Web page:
U.S. President Joe Biden’s administration announced Tuesday it was restoring relations with the Palestinians and renewing aid to Palestinian refugees, a reversal of the Trump administration’s cutoff and a key element of its new support for a two-state solution to the decades-old conflict between Israelis and Palestinians. – Associated Press

U.S. President Joe Biden’s administration supports a two-state solution between Israel and the Palestinians and will overturn several Trump administration decisions, the acting U.S. envoy to the United Nations assured the Security Council on Tuesday. – Reuters

Israeli troops on Tuesday shot and killed a Palestinian suspected of trying to attack soldiers at a West Bank intersection, the military said. – Associated Press

Israel should not take a publicly oppositional approach to the Biden administration, but should always maintain a military option to counter the Iranian nuclear threat, Foreign Minister Gabi Ashkenazi said on Tuesday. – Jerusalem Post

Former Gaza security chief Mohammad Dahlan — widely seen as a key rival of Palestinian Authority President Mahmoud Abbas — will not be allowed to run in the upcoming Palestinian presidential elections, a senior Palestinian official told The Times of Israel. – Times of Israel

The United Nations has called on Israel to help make vaccines available to the Palestinians, but has stopped short of asking it to distribute the vaccines to the Palestinians. – Jerusalem Post

In a speech to the United Nations Security Council, Palestinian Authority Foreign Minister Riyad al-Maliki on Tuesday criticized Israel for failing to provide coronavirus vaccines to the Palestinians. – Times of Israel

Russian Foreign Minister Sergey Lavrov on Tuesday backed a Palestinian proposal for a Middle East peace conference, saying at the UN that it could be held at ministerial level in the spring or summer. – Times of Israel

Mohammed Dajani writes: In the short term, the Biden administration will be busy in its first hundred days addressing disastrous Trump policies for managing the Covid-19 pandemic, building the economy, mending ties with allies, and polishing U.S. global image. The PA should take advantage of that period to get its house in order and come up with new fresh ideas to get back on the negotiation table. – Washington Institute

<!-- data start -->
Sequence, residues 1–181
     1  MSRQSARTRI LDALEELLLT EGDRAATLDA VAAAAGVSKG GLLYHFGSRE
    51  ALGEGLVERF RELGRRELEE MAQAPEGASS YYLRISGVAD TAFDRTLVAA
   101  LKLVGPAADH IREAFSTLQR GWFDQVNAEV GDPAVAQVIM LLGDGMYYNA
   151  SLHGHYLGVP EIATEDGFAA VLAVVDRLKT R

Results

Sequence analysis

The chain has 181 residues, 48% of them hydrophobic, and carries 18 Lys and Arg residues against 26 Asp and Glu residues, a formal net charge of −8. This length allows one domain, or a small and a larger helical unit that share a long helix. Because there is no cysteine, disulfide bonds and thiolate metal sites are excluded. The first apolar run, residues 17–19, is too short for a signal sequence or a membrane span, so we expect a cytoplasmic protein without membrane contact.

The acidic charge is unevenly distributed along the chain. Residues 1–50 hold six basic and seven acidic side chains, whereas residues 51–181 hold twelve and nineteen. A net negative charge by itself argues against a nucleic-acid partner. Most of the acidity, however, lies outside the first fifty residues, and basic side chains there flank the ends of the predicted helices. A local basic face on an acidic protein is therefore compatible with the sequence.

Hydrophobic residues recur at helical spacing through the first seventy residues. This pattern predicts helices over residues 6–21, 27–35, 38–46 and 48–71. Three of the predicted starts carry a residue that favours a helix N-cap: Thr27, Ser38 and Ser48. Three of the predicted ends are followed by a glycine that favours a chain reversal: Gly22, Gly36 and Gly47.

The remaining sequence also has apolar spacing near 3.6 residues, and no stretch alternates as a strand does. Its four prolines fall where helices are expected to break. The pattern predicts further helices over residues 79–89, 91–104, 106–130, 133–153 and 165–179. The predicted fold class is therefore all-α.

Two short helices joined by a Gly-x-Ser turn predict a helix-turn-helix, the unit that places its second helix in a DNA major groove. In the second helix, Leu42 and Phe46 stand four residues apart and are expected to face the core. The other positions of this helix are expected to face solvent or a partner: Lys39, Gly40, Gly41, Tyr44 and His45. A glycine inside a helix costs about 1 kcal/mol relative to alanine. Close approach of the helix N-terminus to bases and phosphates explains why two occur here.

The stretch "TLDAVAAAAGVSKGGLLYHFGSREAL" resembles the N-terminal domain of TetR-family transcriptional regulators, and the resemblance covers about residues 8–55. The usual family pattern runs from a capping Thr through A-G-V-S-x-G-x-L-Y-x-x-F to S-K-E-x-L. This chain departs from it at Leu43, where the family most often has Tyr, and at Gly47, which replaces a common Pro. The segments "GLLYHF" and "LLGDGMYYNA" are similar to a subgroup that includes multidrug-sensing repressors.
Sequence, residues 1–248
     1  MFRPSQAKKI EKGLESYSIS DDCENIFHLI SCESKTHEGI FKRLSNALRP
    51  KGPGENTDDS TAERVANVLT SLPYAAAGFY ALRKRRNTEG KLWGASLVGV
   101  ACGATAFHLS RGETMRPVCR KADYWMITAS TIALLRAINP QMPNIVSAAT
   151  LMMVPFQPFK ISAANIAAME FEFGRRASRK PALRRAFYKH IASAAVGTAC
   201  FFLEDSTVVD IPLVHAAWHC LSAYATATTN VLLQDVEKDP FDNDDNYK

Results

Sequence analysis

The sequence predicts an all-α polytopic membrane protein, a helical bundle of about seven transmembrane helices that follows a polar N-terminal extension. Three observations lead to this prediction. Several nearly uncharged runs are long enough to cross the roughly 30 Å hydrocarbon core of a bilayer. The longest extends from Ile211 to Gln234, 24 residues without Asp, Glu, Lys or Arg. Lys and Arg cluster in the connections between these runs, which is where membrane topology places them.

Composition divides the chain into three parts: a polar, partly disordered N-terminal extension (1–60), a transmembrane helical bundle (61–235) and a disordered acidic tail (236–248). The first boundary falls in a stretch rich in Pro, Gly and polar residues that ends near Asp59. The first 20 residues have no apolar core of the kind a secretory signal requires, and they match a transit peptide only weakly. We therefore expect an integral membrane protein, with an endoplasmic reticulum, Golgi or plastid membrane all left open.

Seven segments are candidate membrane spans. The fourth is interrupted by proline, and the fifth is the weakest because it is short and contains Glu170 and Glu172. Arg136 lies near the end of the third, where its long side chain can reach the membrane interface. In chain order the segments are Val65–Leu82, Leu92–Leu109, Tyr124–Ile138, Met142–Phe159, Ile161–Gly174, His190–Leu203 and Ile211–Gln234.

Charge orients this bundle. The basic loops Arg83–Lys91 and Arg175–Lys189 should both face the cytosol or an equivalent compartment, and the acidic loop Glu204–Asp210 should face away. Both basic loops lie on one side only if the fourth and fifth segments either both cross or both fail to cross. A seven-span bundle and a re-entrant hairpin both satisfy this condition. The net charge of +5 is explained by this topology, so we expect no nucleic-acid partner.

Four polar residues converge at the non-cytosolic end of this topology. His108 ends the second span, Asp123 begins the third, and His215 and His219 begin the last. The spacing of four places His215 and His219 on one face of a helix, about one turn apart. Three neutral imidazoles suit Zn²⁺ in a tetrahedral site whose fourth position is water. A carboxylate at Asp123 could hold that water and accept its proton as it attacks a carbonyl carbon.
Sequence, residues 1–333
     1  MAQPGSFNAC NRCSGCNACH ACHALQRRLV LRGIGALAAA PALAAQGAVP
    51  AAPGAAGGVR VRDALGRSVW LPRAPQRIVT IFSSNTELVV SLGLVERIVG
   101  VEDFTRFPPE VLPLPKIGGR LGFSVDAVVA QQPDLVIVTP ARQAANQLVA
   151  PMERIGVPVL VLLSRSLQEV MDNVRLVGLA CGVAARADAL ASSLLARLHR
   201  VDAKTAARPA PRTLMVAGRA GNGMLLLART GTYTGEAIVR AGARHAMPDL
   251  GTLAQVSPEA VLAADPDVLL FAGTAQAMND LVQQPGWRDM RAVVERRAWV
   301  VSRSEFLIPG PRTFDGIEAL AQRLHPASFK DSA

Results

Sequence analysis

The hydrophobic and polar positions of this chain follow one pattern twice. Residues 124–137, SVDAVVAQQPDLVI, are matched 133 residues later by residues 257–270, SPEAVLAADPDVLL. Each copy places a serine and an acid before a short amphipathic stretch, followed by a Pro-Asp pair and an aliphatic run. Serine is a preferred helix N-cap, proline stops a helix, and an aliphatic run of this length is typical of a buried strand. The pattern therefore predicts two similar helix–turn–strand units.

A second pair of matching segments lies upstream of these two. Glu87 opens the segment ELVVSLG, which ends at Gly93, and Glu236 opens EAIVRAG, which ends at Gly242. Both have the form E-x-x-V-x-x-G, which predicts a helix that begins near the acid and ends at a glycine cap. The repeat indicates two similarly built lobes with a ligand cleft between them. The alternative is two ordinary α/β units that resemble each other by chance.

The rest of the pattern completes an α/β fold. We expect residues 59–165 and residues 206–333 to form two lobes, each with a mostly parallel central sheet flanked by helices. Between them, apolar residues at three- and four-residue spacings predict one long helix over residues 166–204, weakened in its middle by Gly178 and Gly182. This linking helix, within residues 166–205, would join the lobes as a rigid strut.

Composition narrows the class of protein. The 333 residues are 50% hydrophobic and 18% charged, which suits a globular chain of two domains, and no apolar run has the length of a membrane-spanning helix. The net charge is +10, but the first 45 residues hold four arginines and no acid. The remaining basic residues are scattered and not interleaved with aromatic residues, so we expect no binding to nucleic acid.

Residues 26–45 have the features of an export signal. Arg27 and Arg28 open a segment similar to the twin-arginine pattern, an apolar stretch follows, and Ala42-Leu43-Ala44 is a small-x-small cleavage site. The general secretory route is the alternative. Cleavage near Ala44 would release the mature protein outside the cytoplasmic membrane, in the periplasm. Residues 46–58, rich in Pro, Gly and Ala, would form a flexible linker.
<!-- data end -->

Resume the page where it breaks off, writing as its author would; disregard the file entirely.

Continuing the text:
Seth J. Frantzman writes: Russia and France’s role is important as both are historic key players in the region. In addition, Israel’s growing relations with the Gulf matter to Saudi Arabia, which has signaled support for these relationships. How, exactly, anything can manifest itself in the Palestinian arena is unclear. The divided Palestinian authority, Hamas in Gaza, talk of elections – and the tenuous nature of Ramallah’s control of an autonomous statelet – all leave serious questions.  – Jerusalem Post


Stepping in where the state and financial institutions have failed, Hezbollah is providing a vital lifeline for some Lebanese. In the country’s wrecked economy, everyone is desperate for hard currency and liquidity as the local currency plummets in value. – Associated Press

The United States under new President Joe Biden needs to adopt a more realistic attitude towards the Iranian-backed Hezbollah movement to help break the political and economic impasse in Lebanon, a French presidential official said on Tuesday. – Reuters

Overnight clashes in northern Lebanon between security forces and demonstrators angered by a coronavirus lockdown injured at least 45 people, the Lebanese Red Cross said on Wednesday. – Agence France-Presse